December 3, 2016

Soyuz rocket boosts Russian cargo craft to space station

The Progress M-26M spacecraft lifted off at 1100 GMT (6 a.m. EST; 5 p.m. local time) Tuesday from the Baikonur Cosmodrome in Kazakhstan. Credit: NASA TV/Spaceflight Now
The Progress M-26M spacecraft lifted off at 1100 GMT (6 a.m. EST; 5 p.m. local time) Tuesday from the Baikonur Cosmodrome in Kazakhstan. Credit: NASA TV/Spaceflight Now

Russia launched a Progress resupply mission Tuesday heading for the International Space Station with more than 6,000 pounds of fuel, supplies and experiments to support the lab’s six-person crew, and the automated cargo craft sailed to a smooth link-up with the complex less than six hours later.

A Soyuz rocket blasted off from the Baikonur Cosmodrome in Kazakhstan at 1100:17 GMT (6:00:17 a.m. EST), or 5 p.m. local time at the Central Asia space base.

The three-stage launcher burned a mixture of kerosene and liquid oxygen as it powered into orbit with the Progress M-26M supply ship. After disappearing into low clouds about 20 seconds after liftoff, the Soyuz rocket shed four liquid-fueled strap-on boosters, jettisoned a protective shroud covering the Progress payload, then released its main core stage.

The launcher’s upper stage deployed the 16,065-pound Progress cargo freighter into orbit less than nine minutes into the mission. The Progress M-26M spacecraft completed pre-programmed commands to extend its power-generating solar panels and navigation antennas moments later, according to Rob Navias, a NASA spokesperson.

“A perfect launch, and a perfect ascent to its preliminary orbit for the Progress (M-26M) cargo ship,” Navias said in NASA TV’s broadcast of the launch.

The spacecraft entered an on-target orbit with a low point of about 120 miles and a high point of 153 miles, with a ground track tilted at an angle of 51.65 degrees to the equator, according to a post-launch statement released by RSC Energia, Russia’s prime contractor for space station operations.

The Progress resupply ship — known as Progress 58P in the space station’s official flight manifest — to executed a series of rocket burns to adjust its path toward the complex.

On a final approach guided with data from a Kurs rendezvous radar, the Progress spacecraft lined up with the space station’s aft docking port on the Zvezda service module, where it docked at 1657 GMT (11:57 a.m. EST), five hours and 57 minutes after liftoff.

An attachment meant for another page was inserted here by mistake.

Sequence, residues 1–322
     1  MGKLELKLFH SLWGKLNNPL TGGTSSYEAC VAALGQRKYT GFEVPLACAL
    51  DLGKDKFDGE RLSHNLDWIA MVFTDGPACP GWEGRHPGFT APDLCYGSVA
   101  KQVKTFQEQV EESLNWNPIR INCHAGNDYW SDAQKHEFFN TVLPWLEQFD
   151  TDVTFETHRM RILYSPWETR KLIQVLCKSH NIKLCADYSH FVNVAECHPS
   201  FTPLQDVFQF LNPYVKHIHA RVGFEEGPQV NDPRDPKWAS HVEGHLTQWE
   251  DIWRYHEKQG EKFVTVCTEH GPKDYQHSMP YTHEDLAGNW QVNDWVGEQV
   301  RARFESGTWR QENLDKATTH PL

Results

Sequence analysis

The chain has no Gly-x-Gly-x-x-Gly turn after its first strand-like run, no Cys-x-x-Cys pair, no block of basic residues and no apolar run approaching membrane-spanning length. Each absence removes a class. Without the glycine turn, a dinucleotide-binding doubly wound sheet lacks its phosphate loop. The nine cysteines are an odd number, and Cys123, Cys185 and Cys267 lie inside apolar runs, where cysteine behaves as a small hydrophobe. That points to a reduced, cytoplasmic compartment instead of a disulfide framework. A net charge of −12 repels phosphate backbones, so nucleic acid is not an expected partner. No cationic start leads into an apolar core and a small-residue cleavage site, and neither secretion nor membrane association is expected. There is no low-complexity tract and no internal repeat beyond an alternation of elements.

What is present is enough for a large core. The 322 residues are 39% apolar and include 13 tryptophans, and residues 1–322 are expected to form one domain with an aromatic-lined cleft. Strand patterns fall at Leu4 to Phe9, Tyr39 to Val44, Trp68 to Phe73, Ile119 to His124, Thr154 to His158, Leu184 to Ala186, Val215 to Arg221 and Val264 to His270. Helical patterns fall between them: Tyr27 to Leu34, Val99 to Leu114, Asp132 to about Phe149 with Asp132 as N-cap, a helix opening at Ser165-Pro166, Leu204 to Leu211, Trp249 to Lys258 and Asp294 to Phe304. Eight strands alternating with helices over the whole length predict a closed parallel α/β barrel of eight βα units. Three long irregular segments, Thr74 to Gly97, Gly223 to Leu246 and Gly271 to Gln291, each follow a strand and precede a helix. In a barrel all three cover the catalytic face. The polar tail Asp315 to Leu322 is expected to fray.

The link-up occurred 257 miles over the Atlantic Ocean northeast of Puerto Rico.

The Progress M-26M spacecraft on final approach to the International Space Station. Credit: Samantha Cristoforetti/ESA/NASA
The Progress M-26M spacecraft on final approach to the International Space Station. Credit: Samantha Cristoforetti/ESA/NASA

Cosmonauts on the space station were ready to take over manual control of the supply ship if there were problems with its autopilot system.

The fast-track rendezvous required precise timing of the Soyuz rocket’s launch from Baiknour, which occurred a few minutes after the space station passed directly overhead the historic launch base in Kazakhstan.

The Progress M-26M spacecraft delivered 3.1 tons of cargo, rocket propellant, water and oxygen to the space station.

The ship’s forward pressurized section carries 3,229 pounds of provisions and equipment, including 813 pounds of food, 577 pounds of sanitary items and 471 pounds of crew medical supplies.

The internal cargo also includes hardware for the space station’s electrical and thermal control systems, clothes, cameras, watches, smoke detectors and science experiments.

The Progress M-26M mission also delivered 306 pounds of U.S. cargo for the space station crew.

The Russian supply ship will pump 939 pounds of propellant into the Zvezda service module’s propulsion system for use in future reboost maneuvers and emergency burns to steer clear of space junk. Another allotment of propellant is set aside for the Progress to perform its own orbit adjustments when docked to the space station.

The space station also received about 925 pounds of fresh water and 110 pounds of oxygen carried aboard the Progress M-26M spacecraft.

Follow Stephen Clark on Twitter: @StephenClark1.